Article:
Three Pipers: Lada, Sirih, Kaduk

Black pepper is the quintessential spice of the Spice Route, the ancient trade routes across the Indian Ocean that have brought merchants and travelers to the Nusantara since antiquity. Pepper was once as valuable as gold, and even now, it is the world’s most traded spice. Piper nigrum is well suited to cultivation in Sarawak: pepper represents roughly 5% of total agricultural exports, and virtually all of it comes from Sarawak. Sarawak produces more than 90% of the world’s supply of white pepper. White pepper, like red and green peppercorns, comes from the same plant as the common black corns. The difference is in the processing: with white pepper the peppercorns are submerged in running water for a period of time. That bleaches the color and gives white pepper it’s milder flavor.

Young peppercorns a-dangling

Anak rekan pergi ka pantay
Masak ikan berkua lada
Chukop makan chukop pakay
Mau di simpan tidak kan ada

Down at the beach, a band of youths
In black pepper sauce they fry their fish.
From hand to mouth, enough to get by.
Enough to save?  A distant wish!

Black pepper is used in Malaysian cooking, as the pantun suggests, but it isn’t a particularly distinctive ingredient. (I’ve often wondered how KFC could win over Malaysians so thoroughly with their 11 herbs and spices, when any Malay woman would need 11 herbs and spices before they even considered what to cook.) The fresh green peppercorns are a lot more exciting. At our house, we like to grind them up for sambal with fermented durian paste and anchovies.

green black pepper
Turmeric root, green peppercorns, terung pipit

Black pepper isn’t the most important Piper around either. A close relative of black pepper is Sirih, the betel-leaf, Piper betel. Chewing the leaf together with lime and the nut of the Areca palm yields a mild buzz while quelling the appetite and staining the teeth red. It is among the oldest shared cultural practices across South and Southeast Asia, with evidence of it’s use going back thousands of years.  Chewing betel is still very popular in Sri Lanka and India, where it is called paan. Paanwallas sell chews by the side of the road, with extras like honey, tobacco and spices. Like hot dog vendors! Ask for one with everything.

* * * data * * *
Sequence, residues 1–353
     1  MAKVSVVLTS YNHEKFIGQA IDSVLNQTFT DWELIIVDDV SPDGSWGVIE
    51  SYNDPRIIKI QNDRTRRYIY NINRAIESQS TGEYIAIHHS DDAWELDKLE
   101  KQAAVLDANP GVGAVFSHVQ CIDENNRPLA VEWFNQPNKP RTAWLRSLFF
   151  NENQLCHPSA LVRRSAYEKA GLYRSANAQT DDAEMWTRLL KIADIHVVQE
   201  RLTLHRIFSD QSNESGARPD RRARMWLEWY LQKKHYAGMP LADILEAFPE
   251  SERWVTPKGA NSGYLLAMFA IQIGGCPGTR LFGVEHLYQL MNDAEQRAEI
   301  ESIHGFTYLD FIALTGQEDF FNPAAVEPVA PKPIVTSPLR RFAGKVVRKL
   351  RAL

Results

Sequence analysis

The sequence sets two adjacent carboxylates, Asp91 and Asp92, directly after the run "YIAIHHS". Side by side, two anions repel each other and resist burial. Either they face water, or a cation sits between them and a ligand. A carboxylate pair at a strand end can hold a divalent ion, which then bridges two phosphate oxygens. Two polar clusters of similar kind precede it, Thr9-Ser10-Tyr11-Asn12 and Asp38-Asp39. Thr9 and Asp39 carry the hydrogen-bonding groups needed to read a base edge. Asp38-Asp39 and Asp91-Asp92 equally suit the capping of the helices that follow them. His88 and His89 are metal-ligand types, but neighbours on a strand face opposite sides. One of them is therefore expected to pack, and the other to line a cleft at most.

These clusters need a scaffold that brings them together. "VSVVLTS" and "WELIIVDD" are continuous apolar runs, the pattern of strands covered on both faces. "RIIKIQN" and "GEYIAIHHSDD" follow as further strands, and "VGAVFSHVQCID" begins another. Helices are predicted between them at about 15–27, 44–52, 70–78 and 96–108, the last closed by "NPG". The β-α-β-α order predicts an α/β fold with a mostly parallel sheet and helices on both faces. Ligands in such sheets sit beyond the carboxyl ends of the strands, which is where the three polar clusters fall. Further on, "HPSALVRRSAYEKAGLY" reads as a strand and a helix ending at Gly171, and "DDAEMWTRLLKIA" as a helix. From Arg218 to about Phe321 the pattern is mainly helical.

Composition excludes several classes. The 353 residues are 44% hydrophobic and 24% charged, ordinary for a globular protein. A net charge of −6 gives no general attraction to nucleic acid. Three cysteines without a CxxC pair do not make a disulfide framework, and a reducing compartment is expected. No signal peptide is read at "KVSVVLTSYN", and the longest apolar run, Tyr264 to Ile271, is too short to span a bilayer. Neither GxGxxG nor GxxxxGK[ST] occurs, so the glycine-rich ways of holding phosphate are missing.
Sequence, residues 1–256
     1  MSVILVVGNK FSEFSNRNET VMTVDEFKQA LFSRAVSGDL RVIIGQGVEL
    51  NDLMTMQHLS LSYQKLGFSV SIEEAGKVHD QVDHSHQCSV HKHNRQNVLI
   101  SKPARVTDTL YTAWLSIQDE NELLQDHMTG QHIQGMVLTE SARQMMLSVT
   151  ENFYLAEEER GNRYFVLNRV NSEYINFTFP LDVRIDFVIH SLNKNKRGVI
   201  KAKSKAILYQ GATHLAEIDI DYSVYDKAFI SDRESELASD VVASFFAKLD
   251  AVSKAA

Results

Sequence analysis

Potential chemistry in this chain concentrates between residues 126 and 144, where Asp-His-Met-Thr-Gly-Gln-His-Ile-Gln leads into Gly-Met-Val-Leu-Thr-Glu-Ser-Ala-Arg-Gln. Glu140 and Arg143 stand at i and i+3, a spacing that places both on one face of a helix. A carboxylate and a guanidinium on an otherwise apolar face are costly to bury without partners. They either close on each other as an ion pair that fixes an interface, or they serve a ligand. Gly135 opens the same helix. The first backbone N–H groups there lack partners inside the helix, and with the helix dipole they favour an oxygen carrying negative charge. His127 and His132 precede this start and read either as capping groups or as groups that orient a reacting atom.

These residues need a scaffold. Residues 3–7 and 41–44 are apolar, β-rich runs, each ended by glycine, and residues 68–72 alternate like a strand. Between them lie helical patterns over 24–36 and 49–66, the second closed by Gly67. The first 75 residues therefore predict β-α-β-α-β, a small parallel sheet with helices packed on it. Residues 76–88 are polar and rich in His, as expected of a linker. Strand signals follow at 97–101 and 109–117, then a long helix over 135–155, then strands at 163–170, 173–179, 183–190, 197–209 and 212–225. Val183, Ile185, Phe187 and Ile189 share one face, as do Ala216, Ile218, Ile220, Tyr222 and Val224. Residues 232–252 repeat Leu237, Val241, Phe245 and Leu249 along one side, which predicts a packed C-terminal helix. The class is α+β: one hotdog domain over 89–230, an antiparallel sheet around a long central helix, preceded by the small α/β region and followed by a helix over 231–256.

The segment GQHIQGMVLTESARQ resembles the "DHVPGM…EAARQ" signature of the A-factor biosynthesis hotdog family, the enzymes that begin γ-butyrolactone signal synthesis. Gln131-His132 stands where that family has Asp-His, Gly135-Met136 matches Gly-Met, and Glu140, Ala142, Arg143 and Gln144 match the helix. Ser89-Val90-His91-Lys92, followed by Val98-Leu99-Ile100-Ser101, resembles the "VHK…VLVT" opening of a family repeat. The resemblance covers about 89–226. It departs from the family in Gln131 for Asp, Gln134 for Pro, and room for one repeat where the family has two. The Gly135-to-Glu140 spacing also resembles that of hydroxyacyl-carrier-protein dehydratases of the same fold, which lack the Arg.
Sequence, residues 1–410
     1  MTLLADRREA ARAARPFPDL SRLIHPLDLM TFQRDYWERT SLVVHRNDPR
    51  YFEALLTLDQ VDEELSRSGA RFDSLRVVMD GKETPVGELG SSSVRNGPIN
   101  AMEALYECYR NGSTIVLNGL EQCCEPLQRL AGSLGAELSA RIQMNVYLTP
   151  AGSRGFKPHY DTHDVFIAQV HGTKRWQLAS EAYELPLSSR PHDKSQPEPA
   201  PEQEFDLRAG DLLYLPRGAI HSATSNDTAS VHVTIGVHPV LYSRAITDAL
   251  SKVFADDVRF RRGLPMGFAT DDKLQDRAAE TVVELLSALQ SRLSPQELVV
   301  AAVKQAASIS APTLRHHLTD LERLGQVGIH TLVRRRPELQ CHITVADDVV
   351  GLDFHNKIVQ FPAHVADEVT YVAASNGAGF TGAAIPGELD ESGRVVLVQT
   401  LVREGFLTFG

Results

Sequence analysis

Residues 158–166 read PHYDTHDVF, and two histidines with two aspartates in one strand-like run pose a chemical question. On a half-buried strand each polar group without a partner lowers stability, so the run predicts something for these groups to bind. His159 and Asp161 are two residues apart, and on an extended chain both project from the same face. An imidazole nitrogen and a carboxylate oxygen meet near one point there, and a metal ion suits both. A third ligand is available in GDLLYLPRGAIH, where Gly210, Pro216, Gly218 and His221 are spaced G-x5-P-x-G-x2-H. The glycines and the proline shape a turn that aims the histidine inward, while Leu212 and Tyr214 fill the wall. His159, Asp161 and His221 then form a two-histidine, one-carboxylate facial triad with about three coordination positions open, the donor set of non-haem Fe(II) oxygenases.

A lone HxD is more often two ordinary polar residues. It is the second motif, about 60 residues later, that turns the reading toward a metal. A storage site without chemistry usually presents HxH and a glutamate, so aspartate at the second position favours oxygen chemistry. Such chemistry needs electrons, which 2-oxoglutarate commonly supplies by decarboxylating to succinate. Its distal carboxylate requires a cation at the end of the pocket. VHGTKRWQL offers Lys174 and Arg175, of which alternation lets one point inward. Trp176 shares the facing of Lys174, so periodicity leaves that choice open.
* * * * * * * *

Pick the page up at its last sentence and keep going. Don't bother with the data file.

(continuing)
Sirih, the betel leaf
Sirih, the betel leaf

Burung jentayu terbang beriring Mati dipanah gugur ke lumpur Sirihku layu pinangku kering Sudikah dimamah barang sekapur?

Together take flight a flock of Jentayu
Felled by an arrow one drops from the sky
Would you care to sit for a chew
Though my sirih has wilted, my betelnut dried?

In Malaysia, the habit is waning. It’s considered country, unsophisticated. Old grandmothers will still chew surreptitiously, but men have turned to cigarettes instead – a very bad trade, constant spitting and tooth decay notwithstanding.  Still, even now, the betel leaf has some cultural cachet. Sirih appears in pantuns, proverbs, and in the classic phrase “sekapur sirih”, used as a literary preface or for opening remarks. Exchanges of wedding gifts may be sent on platters of betel-leaf, or for the very old fashioned, a quantity of leaves may be stipulated in the gift exchange. I’ll know the habit is gone for good in Kuching when my neighborhood grocery store stops stocking them. Folded bundles tied with vines: 50 sen a packet!

Sirih folded and tied for sale

Sirih and pepper are climbing vines, but there is another Piper that just sits around: Kadok, or Sirih Duduk, Piper sarmentosum. It makes a lovely groundcover, a tasty raw vegetable, and the name of the archetypal village idiot, Pak Kaduk.

Sirih duduk, just sitting around.

Hinggap merpati di dahan senduduk
Gugur pinang ditiup badai
Jangan seperti malang Pak kaduk
Ayam menang kampung tergadai

A pigeon rests on a bough of senduduk[1]
Down fall areca-nuts blown by the wind
Don’t be a fool like old Uncle Kaduk
Losing the village a hen for to win

Kaduk is eaten as ulam, the Malay answer to the vegetable platter. Instead of ranch dressing, the kaduk – already hot and bitter – is dipped in sambal and eaten with rice. Since it is a perennial shrub, there are always leaves ready to eat. If the kitchen is empty, you can step outside and graze.

Kijang menghantuk di rumpun buluh
Makan kaduk di dalam padi
Tuntut ilmu bersungguh-sungguh
Kerana hidup tunangnya mati

Upon grazing the kaduk from fields of paddy
The drowsy deer stands amidst the bamboo
Surely the bride of this life is death
So seek ye knowledge in all that you do

Makan berulam si daun kaduk
Sambal belacan asam kelubi
Dulu nyaring bunyi beduk
Kini azan lantang di TV

Eating a dish of raw leaves of kaduk
with shrimp paste chili sauce doused with kelubi
Where once rang out the sound of the beduk [1,2]
Now the azan is played on the TV

flowers of the kadok

All pantuns are sourced from the Malay Civilization project of the National University of Malaysia.
Translations mine.

Gurindam 12 Fasal 1

Gurindam Raja Ali Haji terjemahan translation

This is the gurindam of the first issue.raja_ali_haji2

Whosoever to his faith holds not
Is a man whose name will be forgot.